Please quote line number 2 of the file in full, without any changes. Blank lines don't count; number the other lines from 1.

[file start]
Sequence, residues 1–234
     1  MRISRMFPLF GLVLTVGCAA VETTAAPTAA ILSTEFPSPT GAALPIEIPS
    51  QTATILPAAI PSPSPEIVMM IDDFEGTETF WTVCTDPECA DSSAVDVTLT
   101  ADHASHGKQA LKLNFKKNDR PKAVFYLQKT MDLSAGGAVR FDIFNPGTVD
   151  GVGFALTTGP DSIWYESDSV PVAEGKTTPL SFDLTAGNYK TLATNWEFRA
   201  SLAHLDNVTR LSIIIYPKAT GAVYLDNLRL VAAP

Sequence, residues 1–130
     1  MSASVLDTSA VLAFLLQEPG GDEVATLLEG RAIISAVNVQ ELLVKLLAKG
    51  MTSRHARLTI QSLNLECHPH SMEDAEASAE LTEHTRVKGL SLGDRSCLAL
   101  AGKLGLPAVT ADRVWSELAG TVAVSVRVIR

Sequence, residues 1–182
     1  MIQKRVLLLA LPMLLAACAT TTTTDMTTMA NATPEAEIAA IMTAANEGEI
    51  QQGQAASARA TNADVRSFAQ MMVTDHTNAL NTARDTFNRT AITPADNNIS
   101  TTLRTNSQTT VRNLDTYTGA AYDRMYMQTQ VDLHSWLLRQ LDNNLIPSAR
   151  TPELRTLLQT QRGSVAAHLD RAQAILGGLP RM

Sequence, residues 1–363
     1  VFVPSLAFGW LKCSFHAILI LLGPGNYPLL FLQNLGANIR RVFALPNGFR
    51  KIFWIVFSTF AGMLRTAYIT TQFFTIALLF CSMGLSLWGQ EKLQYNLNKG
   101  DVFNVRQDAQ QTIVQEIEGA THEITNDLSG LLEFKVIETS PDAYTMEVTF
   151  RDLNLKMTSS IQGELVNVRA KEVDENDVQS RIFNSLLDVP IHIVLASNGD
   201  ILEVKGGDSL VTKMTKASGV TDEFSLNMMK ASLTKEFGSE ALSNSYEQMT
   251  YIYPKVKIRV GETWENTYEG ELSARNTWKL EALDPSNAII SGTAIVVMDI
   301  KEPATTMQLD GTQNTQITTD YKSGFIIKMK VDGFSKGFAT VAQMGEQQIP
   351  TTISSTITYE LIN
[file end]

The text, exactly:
     1  MRISRMFPLF GLVLTVGCAA VETTAAPTAA ILSTEFPSPT GAALPIEIPS